Protecting Your Business from ‘Spear Phishing’

While it’ll probably never be 100% effective, the level of email security we have available to us today is less expensive and more effective than it’s ever been.

This may go some way to accounting for the recent rise, and added sophistication in phishing attacks as criminals choose to target the new weakest link, now located between the chair and keyboard.

Introducing ‘spear phishing’

‘Spear phishing’ is a particularly effective way of tricking us into handing over various details including card info, financial records and more using social engineering.

Attackers gather information from social media, email account monitoring and other sources to help them craft emails that seem to be from people and companies we know and deal with on a regular basis.

Spear phishers take advantage of familiarity – because the email seems to come from someone you know, they’re relying on the fact you’ll be less vigilant. And if an instruction arrives marked as urgent, that you may just act before you think.

How it works

In the past the main threats you were likely to see were nearly always from external sources and fairly obvious if you had a rough idea of the things to look out for. Now however, it’s possible they’ll come from the company director asking you to pay an invoice and there’ll be very little clue.

It’s also possible that the payment references a valid customer and even an amount for a valid invoice but yet the account details are false.

Business practices to avoid

These social engineering attacks rely heavily on the bad practices within companies that are unfortunately more common than they should be.

Some of the key things to avoid are…

  • Relying on email as the only mechanism to authorise a payment – qualify payment requests with a call or a fresh email to the sender (do not just reply!).
  • Sending bank details in an email – always check invoice details with those held on file or via a phone call or text message where possible.
  • Trusting email as secure –  remember that email is insecure by its nature. Think of it as such and always verify authenticity.

Tell-tale signs to look for

The good news is that phishing attacks can be prevented, defence is primarily about being vigilant and knowing the signs to look for.

Top 5 Signs of a Phishing Attack


If you have suspicions, another good check is to view the message header as it’s likely the attacker will have change the ‘From’ name.

You can display full headers by double clicking on a message so it opens in a separate window (not the preview pane).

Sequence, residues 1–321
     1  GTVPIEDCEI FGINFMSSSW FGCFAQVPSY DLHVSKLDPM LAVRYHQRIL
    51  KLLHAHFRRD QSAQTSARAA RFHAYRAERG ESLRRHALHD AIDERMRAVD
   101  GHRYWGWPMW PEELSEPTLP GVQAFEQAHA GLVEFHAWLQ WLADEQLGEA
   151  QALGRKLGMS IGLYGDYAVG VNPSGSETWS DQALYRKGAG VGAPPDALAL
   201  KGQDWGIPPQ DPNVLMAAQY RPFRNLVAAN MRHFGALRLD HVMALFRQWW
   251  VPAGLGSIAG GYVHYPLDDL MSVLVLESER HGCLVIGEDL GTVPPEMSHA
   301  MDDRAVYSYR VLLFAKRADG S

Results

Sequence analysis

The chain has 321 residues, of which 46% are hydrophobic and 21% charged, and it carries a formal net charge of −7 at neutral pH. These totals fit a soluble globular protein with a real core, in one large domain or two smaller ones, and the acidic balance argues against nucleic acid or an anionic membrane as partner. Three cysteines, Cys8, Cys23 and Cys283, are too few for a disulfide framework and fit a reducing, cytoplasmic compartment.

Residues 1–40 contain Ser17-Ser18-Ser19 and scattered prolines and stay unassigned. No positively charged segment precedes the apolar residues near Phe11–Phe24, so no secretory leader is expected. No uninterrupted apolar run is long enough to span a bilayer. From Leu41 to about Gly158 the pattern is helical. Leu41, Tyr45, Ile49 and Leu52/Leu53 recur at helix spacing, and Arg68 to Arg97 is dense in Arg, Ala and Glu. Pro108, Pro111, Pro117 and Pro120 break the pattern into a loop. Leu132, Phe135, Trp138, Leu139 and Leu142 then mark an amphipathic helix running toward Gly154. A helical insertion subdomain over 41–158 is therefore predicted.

1. Start Outlook.
  2. Double-click the message for which you want to view full internet headers.
  3. Click Options (2007) or Tags (2010/2013). / The Message Options dialogue box is displayed.


Configuring MDaemon to protect against phishing attacks

Even though this type of attack relies on social engineering of the recipient, if you’re a user of MDaemon Messaging Server, there are some quick and easy tweaks you can make to give you the best possible defence.

1) Stop spoofed email from internal addresses

A quick fix is to stop spoofed email arriving that claims to be from internal email addresses.

This can be configured under Security > IP Shield by ticking the option ‘Check FROM header against IP Shield’

2) Reputation features – SPF and DKIM

In addition to this you should also consider protecting your own company domain using MDaemon’s reputation features which include Sender Policy Framework records and DKIM.

Once configured, when any email server (including your own) receives an email claiming to be from your domain, the receiving server checks if it came from a reputable source, quickly discarding spoofed emails from untrusted sources.

These features protect your domain publicly and a receiving server can be sure that any email it received claiming to come from your own domain is actually coming from a valid server you manage.

Be vigilant folks

If you’re being asked for a payment, for your personal details or perhaps some bank account information, spend just a moment to cast your eye over the sending domain and the link.

Just a second look for incorrect characters or links that don’t point where you’re expecting could save you an inordinate amount of time, inconvenience and cost.

I hope that helps – as always, comments and questions welcome in the usual place (down there :))




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